Lansherd is a lovely thing to see, and it’s even better to know, as the kids rattle off down the narrow car-free streets, that one of our weird and wonderful British seaside traditions is being kept alive.
Sounds fun? Meet me by the fountain at five fifteen and I’ll show you. Bring string and an old tin bath.
After that, of course, it's home in time for tea. Or, more specifically, pancakes.




From 'The Camper Van Coast: Cooking, Eating, Living the Life'. Due to be published on April 12th 2012.

Friday, 3 February 2012

A message in a bottle.

This is a picture of a Nivea bottle I found on my local beach a few weeks ago. I found a few of them at the same time so decided to get in touch with Nivea to find out what it's all about. They asked me to send them some samples so I went looking for more. I found them at Speke's Mill Mouth, Welcombe Beach and Peppercombe Beach in North Devon and at Constantine in North Cornwall.

Niva tell me that they lost a container from a ship in the Atlantic about a year ago but they don't know how many of these were lost. Well I can safely say it was at least 50 because that's how many I've found. I suspect it's a lot more. It could be thousands, or hundreds of thousands.

Nivea have been really good about communicating with me and I applaud them that. They also say that they have been in touch with Cornwall CC and the National Trust about cleaning up the beaches I mentioned to them. They said "if this escalates to larger numbers, that require an organized clean up operation, we are happy to work with local people to deal with the problem." My response to this was that it's easy to do this if there is a spill, but many pieces over a wider area makes it harder to sort out.

Again to their credit, Nivea responded with this: "The council have been told that we are prepared to pay if they need to send out a team of rangers to clean up NIVEA products." And then they added: "This is a very unusual case that we have not experienced before. This highlights the importance of your help to monitor this."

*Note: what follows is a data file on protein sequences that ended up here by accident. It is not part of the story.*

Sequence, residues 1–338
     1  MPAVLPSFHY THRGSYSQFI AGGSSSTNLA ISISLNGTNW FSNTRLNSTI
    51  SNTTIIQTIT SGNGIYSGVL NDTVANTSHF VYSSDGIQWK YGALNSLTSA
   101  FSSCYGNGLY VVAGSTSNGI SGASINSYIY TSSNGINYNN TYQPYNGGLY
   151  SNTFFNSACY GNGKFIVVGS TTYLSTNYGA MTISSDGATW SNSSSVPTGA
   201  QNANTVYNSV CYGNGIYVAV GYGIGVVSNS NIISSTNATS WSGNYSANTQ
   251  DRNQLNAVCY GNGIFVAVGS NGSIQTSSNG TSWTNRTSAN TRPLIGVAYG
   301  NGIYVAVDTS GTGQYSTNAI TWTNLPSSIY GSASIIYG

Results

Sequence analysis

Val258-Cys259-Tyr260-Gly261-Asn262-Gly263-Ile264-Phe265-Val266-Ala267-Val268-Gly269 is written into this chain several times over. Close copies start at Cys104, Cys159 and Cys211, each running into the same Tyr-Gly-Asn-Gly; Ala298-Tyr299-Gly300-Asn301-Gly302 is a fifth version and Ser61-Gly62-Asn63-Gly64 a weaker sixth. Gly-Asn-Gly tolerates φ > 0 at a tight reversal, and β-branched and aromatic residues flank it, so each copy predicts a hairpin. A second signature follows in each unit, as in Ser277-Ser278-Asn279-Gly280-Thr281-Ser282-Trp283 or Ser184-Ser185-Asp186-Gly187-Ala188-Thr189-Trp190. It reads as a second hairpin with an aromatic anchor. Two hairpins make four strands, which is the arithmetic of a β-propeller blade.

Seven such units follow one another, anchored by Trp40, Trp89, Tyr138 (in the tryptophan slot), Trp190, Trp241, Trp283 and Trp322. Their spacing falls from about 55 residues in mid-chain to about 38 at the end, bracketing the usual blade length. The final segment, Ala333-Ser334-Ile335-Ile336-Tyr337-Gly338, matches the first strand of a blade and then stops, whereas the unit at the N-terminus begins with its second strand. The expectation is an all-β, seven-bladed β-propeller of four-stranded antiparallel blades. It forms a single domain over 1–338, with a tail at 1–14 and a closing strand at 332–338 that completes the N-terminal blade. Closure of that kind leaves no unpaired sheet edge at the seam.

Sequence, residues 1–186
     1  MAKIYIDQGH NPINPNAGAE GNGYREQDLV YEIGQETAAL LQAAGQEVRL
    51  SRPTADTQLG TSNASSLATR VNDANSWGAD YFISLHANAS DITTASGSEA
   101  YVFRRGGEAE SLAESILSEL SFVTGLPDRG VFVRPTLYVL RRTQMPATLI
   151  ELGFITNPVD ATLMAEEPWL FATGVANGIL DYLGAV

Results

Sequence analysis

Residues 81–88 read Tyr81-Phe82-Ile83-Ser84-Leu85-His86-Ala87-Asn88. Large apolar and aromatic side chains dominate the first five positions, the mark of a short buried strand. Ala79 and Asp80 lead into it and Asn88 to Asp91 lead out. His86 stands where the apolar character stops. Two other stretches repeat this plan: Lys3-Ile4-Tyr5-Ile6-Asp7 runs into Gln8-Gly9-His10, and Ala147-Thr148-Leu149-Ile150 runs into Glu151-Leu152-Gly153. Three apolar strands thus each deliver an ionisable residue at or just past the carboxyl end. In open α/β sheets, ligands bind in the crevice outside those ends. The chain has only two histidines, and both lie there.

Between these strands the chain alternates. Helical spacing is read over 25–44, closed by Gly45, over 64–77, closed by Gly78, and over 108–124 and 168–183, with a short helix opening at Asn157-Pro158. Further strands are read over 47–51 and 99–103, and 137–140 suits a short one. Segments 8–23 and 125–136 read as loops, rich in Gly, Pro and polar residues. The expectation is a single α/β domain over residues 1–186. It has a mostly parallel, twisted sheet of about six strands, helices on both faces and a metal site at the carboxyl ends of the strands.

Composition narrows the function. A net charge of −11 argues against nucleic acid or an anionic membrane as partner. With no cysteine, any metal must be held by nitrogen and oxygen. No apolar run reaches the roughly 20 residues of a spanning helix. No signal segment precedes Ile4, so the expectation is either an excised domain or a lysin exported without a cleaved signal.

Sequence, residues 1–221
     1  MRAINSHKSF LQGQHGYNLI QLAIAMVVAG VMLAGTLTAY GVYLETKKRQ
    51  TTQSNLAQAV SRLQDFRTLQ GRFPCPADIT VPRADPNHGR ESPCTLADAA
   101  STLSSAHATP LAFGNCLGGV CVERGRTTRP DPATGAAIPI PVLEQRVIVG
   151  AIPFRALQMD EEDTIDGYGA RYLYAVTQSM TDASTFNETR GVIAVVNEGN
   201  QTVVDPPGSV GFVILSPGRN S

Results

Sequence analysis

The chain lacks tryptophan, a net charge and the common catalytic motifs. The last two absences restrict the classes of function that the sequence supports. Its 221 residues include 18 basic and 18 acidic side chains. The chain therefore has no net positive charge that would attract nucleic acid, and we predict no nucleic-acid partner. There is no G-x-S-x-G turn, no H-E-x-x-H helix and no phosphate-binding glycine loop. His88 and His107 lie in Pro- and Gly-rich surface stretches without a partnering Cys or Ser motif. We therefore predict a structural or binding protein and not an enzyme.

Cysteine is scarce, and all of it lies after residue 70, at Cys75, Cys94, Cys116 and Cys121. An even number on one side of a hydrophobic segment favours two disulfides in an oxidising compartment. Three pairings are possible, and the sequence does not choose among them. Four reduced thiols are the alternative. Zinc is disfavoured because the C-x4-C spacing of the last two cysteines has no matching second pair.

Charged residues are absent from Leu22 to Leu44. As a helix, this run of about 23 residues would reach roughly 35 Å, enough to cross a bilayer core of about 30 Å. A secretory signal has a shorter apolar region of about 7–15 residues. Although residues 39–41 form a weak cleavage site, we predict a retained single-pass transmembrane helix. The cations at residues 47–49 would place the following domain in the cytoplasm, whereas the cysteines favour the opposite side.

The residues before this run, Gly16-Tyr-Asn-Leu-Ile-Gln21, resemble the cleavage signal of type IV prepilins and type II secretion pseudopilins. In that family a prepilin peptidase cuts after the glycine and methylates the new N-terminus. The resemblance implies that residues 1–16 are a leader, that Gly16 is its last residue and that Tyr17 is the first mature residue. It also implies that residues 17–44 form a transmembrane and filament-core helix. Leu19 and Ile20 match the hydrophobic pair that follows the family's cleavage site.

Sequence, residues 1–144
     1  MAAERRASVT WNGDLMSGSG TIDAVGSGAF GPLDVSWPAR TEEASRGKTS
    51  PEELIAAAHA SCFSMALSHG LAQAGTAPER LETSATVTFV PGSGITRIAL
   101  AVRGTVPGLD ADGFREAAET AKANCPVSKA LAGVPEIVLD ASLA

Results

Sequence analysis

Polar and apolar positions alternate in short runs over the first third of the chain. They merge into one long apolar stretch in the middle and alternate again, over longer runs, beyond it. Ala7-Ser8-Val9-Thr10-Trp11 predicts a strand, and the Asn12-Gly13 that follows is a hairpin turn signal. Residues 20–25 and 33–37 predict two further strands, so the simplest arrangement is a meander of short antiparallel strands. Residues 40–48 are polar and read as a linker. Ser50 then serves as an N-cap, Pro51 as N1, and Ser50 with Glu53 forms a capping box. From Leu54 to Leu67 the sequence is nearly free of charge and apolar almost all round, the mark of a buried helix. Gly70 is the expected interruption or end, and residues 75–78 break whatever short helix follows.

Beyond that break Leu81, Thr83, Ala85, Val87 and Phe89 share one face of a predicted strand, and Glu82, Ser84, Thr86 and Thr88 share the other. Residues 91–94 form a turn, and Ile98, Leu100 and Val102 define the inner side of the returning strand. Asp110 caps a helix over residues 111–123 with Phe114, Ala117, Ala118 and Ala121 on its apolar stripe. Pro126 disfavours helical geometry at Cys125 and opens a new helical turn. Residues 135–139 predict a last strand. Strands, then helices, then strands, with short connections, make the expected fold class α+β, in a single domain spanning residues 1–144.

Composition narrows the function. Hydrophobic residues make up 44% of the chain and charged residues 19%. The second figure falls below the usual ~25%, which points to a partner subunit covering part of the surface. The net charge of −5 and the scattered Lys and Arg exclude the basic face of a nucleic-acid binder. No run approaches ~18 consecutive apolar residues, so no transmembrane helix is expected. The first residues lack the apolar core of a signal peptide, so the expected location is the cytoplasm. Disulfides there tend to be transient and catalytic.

So I say, let's find their lost products for them. And perhaps remove them from the marine environment at the same time. If we let them remain there they will only do harm.


Will you help me?


Please, please. please. If you go to the beach this weekend and see one of these, take a picture with your phone (or gather them up and take a picture if there are many) and email it to the customer services people at Nivea on consumer.relations.uk@beiersdorf.com stating where and when you found the items.Tweet it to me at @campervanliving too, if you have the time. That way we will be able to understand the impact that just one container of someone's products can have on our beaches.


Finally, a word about Nivea. They have been really good to respond and have admitted their responsibility so this is not a witch hunt. If we can prove to Nivea that their spill is significant enough to warrant paying for clean ups then maybe others will follow suit and help us to keep our beaches the way we like them.

Thanks.


Martin.



I'm not a pheasant plucker...

...which is why I simply cut the breasts from the brace of pheasants I was presented with this week. They were given to me by my friend Neil who is one of the beaters for the Clovelly shoot. Very grateful I was too, as the pheasant shooting season came to an end on 1st February. Gifts like this are one of the benefits of living in the country. Just not if you are squeamish.
These are the birds that didn't get away. They are the unlucky ones, pan fried with a red wine, orange and ginger sauce (simply chuck it in after you've taken the breasts out and let it simmer whilst the breasts rest a while), served with fried portobello mushrooms (pan fried first with thyme in the same pan to save washing up) and a few heads of young broccoli. Took about 15 minutes, needed just two pans (one if you forego the greens) and tasted delicious. Something for the van perhaps? Keep your eyes peeled when you are out and about next on those country lanes. You know, just in case you couldn't swerve quickly enough. Nobody wants to see a perfectly good pheasant going to waste.

Also, note the Westcountry garnish: a bit of orange and some green stuff. That's flash round these parts.